Why test your artificial turf fibers for lead? Because additional information is required for a specific job and the specific job materials that will be used for a project.
- For any public works project
- For any commercial project
- For general information for daycare, schools, health care, senior facility, Proposition 65 certification
- For information required regarding disposal of fibers at a landfill or waste recycling center
What are we looking for?
There are no published thresholds or benchmarks to reach as to how much lead could be in artificial turf fibers and still be considered “safe”, today. There are no specific testing protocols that have been identified to test artificial turf surfaces or systems, either.
Human and environmental health and safety groups, organizations and governance bodies all agree that reducing our exposure to heavy metals, especially lead, should continue to decline, for every hazardous substance until it reaches a No Effect Level (NEL).
The trouble with lead, specifically, is that there IS NO NEL that can be determined for lead. In other words, the only NEL for lead is zero; so reducing exposure to any amount of lead, in effect, is the ultimate goal.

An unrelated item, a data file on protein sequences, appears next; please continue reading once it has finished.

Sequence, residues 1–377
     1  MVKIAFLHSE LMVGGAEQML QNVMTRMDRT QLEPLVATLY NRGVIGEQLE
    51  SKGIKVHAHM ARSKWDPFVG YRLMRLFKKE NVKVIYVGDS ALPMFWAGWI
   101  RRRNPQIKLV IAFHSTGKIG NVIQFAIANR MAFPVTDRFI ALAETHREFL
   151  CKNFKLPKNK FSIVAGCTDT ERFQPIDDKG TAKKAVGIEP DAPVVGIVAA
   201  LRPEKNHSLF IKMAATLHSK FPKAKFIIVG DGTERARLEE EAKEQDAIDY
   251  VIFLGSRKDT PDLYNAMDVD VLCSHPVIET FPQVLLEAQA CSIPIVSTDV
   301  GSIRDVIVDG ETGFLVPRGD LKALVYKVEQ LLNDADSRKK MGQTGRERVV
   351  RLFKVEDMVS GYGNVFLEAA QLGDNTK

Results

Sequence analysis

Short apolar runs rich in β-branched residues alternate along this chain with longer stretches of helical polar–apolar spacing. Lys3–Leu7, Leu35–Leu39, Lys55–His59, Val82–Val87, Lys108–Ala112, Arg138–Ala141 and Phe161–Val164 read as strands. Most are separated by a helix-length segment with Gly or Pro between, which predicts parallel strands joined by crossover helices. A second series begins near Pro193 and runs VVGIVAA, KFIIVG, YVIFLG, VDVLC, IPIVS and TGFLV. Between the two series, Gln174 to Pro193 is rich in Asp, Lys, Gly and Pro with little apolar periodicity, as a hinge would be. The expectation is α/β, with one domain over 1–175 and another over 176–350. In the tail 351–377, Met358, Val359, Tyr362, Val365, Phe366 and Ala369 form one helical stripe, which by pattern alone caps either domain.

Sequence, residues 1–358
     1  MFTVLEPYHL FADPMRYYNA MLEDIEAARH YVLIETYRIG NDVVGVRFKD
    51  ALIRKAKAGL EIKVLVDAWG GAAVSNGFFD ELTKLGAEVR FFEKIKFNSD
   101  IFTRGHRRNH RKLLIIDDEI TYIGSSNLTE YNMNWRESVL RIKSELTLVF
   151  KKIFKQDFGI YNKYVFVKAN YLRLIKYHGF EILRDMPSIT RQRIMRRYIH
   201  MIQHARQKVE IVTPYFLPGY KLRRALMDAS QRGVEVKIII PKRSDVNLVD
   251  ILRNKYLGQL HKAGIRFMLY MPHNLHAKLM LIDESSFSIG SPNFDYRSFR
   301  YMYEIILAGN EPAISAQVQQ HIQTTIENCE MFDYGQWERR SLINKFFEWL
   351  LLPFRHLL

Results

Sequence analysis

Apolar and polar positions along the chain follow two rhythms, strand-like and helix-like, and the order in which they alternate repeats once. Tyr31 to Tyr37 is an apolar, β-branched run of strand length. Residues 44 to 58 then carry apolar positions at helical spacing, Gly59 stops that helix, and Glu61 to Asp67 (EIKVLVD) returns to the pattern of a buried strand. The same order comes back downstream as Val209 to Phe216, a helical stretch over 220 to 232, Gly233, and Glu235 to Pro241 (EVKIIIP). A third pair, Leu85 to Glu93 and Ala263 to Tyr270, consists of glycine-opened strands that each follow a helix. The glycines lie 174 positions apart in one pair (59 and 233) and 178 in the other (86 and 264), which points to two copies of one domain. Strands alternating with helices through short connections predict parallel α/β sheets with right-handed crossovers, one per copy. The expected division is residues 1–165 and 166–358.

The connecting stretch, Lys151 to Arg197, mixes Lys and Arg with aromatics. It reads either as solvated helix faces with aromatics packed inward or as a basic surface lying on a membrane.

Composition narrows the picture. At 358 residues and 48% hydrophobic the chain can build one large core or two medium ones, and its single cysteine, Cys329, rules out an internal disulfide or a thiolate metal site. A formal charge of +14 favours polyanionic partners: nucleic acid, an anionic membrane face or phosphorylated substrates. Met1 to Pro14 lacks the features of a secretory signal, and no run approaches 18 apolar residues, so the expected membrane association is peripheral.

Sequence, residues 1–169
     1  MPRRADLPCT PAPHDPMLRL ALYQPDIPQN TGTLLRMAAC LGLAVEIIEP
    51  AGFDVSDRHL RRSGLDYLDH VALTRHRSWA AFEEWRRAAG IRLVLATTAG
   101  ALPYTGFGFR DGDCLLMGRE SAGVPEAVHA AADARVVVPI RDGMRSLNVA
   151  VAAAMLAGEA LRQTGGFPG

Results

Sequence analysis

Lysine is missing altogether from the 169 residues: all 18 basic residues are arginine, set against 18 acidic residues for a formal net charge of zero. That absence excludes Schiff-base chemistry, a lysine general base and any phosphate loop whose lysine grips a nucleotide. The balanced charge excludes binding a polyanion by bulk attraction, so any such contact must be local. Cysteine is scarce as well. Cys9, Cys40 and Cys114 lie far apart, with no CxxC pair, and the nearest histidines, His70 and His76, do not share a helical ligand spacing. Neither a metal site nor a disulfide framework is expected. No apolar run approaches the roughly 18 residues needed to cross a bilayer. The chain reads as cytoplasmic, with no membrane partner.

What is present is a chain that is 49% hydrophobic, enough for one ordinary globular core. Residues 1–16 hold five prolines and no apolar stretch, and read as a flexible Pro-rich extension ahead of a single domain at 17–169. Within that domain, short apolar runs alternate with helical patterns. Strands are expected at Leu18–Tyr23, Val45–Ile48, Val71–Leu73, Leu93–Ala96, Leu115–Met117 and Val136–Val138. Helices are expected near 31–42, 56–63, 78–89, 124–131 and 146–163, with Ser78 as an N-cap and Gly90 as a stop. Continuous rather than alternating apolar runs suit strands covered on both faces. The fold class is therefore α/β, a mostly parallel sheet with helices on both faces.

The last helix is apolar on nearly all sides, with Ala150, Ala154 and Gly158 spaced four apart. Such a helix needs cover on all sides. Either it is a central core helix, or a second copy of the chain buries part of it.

What is the most important piece of information we need from tests?
The most important data point to consider when reviewing your test results is how much lead, of any amount present, could be absorbed into our bodies by touching the material with exposed skin, or breathing in dust particles, or by hand to mouth exposure.
- This is commonly referred to as the “bio-availability” of the lead.
- The most “bio-available” lead is found in its original state, in surface soils all over the planet.
- To put the amount of lead we are looking for into context, the CDC has determined that a benchmark for lead, by weight in soil on a school playground can measure up to 400 parts per million (ppm). Any areas outside the perimeter of the designated play area can test up to 1200ppm before they are of any concern (that could include grasses, soils, mulch, etc.
Parts per million (ppm) to milograms per kilogram to % of weight
- 6000 ppm = 6000 mg/Kg = 0.60 % by weight
- 600 ppm = 600 mg/Kg = 0.06 %
- 60 ppm = 60 mg/Kg = 0.006 %
- 6 ppm = 6 mg/Kg = 0.0006 %
What kind of tests are done?
Several chemical tests are used to identify lead in material samples and how much of that lead might be able to be absorbed by the body, under normal exposure. These tests are used for all sorts of consumer and industrial products. Tests selected to assess lead in synthetic materials provide a set of standards, guidelines and protocols that must be followed to insure consistency and relevancy to the final test results.